Inter-class dynamic propels women’s swim team: With freshmen ready to compete, swimming team grows stronger
The jump from high-school to college athletics typically involves a bit of a learning curve, and that’s certainly true for most student-athletes here at Washington University. Whether it’s a quarterback trying to learn head football coach Larry Kindbom’s playbook or a point guard attempting to understand head women’s basketball coach Nancy Fahey’s system, there’s typically a bit of an adjustment period for most sports. And that could, in theory, limit what underclassmen are able to do on those teams.
But there are also sports in which that’s not quite the case. Take the Wash. U. swimming and diving team. Freestyle and butterfly are the same as they were in high school: 25 meters are 25 meters in any pool. With some exceptions, not too many team-specific adjustments need to happen in swimming to let the talented newcomers succeed.
And those talented freshmen on the 2012-13 team are a big part of the improvement that the swimming and diving team has shown this year, both in terms of results and attitudes.
“They’ve had a great team spirit to them as well; they’ve been enthusiastic, they’ve been motivated, they train hard [and] they’ve acclimated themselves really well,” head coach Brad Shively said. “Certainly they’ve got some good numbers, and it’s not hard to tell when you’ve got talented swimmers in the pool. But they’re really competitive, and they’re funny, and they joke around a lot.”
But it’s still not a seamless transition. While the strokes themselves may not change, any given coach may try to tweak a swimmer’s stroke in a particular way.
“Each coach has a different coaching style, so their practices are going to be different, the way they look at your stroke is going to be different, and they may ask you to change things up and do different things,” freshman Kristalyn McAfee said.
There are also some technical changes. McAfee noted that the team’s thrice-weekly weight training was an adjustment from prior training habits.
In any event, the class of 2016 has felt good about the impact it’s had on the team’s successes so far this season.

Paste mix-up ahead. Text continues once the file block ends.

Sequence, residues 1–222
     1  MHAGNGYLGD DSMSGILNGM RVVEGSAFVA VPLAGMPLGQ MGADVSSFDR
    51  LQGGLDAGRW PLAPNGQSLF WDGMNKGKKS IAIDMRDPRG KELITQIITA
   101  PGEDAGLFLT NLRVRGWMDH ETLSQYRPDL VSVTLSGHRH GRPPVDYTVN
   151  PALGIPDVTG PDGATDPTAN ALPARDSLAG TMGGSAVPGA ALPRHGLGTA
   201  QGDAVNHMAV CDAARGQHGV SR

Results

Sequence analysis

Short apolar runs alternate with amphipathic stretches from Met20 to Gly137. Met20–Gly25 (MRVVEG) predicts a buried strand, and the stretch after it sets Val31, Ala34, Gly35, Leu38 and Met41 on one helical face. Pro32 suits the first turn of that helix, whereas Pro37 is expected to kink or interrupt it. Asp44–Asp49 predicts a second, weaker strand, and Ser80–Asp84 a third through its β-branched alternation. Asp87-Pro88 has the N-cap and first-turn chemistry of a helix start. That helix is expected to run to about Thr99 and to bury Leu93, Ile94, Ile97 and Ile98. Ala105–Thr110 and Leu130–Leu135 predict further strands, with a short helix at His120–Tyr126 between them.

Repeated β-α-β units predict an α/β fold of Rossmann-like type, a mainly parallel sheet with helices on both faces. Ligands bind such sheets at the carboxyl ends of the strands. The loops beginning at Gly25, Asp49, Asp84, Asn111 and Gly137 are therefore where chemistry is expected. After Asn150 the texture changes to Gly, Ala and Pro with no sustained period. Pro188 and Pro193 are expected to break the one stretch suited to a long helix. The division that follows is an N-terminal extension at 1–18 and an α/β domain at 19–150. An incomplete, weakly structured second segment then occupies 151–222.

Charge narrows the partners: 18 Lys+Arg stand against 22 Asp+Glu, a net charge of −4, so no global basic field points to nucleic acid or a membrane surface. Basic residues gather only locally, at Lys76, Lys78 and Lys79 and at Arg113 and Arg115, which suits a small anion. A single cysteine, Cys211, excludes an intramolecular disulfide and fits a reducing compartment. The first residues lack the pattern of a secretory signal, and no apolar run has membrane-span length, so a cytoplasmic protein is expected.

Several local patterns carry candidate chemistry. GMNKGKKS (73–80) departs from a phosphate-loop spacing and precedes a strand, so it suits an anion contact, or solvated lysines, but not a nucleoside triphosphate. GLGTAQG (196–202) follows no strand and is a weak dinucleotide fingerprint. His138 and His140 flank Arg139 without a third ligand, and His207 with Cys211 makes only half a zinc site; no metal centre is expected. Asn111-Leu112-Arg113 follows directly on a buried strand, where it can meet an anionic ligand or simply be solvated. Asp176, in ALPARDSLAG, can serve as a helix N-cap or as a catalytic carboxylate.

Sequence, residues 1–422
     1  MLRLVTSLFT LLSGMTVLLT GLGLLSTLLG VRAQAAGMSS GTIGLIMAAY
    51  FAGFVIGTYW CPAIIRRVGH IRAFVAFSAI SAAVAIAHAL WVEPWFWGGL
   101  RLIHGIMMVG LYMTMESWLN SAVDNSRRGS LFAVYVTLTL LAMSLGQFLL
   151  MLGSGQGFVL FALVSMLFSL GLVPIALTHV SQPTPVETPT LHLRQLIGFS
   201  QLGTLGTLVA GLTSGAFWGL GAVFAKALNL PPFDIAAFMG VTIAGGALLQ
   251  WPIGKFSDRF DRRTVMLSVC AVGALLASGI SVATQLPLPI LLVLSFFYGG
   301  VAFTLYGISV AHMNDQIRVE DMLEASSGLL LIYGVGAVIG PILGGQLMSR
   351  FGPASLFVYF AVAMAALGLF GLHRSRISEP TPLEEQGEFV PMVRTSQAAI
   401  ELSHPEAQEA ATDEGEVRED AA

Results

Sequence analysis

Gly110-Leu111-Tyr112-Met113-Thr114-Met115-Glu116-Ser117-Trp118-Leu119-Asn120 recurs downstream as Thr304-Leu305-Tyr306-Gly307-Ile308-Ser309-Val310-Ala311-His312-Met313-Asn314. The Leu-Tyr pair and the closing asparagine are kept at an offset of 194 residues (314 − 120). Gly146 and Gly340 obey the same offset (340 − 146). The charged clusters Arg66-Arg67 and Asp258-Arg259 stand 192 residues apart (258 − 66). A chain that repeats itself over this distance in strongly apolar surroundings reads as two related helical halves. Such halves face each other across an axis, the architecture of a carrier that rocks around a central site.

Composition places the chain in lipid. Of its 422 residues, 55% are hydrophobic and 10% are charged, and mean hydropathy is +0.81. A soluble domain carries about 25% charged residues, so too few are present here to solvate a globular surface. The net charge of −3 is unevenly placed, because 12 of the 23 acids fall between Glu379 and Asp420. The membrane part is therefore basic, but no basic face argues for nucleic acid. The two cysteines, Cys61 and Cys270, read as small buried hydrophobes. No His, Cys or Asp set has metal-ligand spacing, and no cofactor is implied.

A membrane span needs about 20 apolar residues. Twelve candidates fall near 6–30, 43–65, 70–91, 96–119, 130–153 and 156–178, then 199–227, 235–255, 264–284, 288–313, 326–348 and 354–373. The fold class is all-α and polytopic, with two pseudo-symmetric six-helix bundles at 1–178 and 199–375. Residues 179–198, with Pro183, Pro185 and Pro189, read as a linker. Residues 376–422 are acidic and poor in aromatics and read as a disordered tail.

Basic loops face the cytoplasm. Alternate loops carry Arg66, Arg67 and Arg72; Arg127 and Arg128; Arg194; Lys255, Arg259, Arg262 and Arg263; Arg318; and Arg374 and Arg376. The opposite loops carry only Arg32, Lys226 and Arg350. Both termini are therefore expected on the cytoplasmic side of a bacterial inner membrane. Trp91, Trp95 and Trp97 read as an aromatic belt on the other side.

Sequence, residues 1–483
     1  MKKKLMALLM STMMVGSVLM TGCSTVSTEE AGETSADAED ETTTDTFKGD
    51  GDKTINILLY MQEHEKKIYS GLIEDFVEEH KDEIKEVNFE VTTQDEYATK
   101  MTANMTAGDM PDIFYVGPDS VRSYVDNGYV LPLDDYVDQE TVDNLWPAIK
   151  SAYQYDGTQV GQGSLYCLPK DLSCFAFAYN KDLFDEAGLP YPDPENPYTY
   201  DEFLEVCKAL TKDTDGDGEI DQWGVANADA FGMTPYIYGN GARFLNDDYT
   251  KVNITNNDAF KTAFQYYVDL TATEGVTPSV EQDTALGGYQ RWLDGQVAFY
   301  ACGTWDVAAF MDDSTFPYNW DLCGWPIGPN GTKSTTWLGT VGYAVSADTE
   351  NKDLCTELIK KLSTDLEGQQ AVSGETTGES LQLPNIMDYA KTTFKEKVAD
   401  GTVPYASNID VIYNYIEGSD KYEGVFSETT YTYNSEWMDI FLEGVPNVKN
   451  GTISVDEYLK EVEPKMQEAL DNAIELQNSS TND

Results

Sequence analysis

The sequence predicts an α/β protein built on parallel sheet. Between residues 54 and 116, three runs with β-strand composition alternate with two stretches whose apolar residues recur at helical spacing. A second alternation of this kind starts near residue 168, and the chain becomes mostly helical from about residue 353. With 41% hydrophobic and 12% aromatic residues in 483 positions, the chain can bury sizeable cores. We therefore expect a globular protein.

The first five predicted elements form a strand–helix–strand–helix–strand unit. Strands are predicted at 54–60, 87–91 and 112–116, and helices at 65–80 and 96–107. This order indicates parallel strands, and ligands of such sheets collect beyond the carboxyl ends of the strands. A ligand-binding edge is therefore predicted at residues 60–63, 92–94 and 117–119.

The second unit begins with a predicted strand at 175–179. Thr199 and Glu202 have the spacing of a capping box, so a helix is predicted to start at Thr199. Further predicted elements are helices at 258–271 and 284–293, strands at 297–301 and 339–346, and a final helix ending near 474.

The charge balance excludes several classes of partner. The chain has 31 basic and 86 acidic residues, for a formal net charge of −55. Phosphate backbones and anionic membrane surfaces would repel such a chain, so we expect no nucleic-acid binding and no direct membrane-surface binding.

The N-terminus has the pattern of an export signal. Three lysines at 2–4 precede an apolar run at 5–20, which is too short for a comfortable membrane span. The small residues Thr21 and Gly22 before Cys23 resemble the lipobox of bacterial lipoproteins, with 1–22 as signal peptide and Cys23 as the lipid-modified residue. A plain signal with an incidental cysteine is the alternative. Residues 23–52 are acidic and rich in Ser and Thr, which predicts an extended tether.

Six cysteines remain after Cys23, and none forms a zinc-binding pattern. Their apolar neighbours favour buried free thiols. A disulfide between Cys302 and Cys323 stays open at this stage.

“Every new class of swimmers has a certain vibe or style that they bring to the team, and it changes the way that the team interacts,” freshman Amanda Stadermann said.
“I feel like we’ve brought a new sense of competitiveness this year—a good, friendly competitiveness,” McAfee added. “There’s been a lot more races in practice just because you want to race each other, not because you really want to beat them, but just because [it’s fun].”
The group—which makes up almost one-third of the team, according to McAfee—has seen a sort of symbiotic relationship growing with the team’s upperclassmen. On the one hand, its enthusiasm and achievements have enthused the squad.
“I feel like there’s a spike in energy this year,” McAfee said. “After seeing the freshmen work really hard and do well, they’re kind of like, ‘Oh, I can do this as well.’”
But that relationship works both ways, and Shively highlighted how the veterans and upperclassmen help the newcomers get acclimated—not just in terms of swimming but in terms of time management and the general skills needed to balance academics and athletics.
“The leadership on that team, I think they’ve done a really good job making sure that everybody feels like a part [of the team] and feels like they can contribute,” Shively said.
McAfee backed that sentiment. “I feel like I’ve been able to grow as a swimmer just because I expect more out of myself after watching people around me also expect more out of themselves. When I see someone doing really well in the pool and with their classes, I hold myself to the same standards, because we have the same time commitments.”
That working relationship has helped the team grow, and it all came to a head on Dec. 1, when both the men’s and women’s teams won the Wheaton Invitational for the first time ever.
“I think that boosted a lot of energy, and [let us know that] we can do really well at UAA [conference] and at nationals,” Stadermann said.
According to Shively, the successes at Wheaton almost worked as a form of validation.
“I think until you’re an environment like that, where you kind of have the pressure of a big meet, you don’t really know,” Shively said. “And I thought we walked away from that meet and probably thought a little bit better of ourselves than we did prior to that meet.”
That meet—which featured event winners from all four years between the men’s and women’s teams, including eight events won by freshmen or relays that had freshmen—helped make it known what the team could do behind this incoming class.
“I think that’s what you get with young swimmers. You get a bit of unknown,” Shively said. “You don’t necessarily know what they did in high school, and they’re in college and you’re not so sure because you haven’t seen it yourself. And when they start doing those things and start having really good swims…and now when you see them doing these things with us and for us, that gives you a lot of enthusiasm, too.”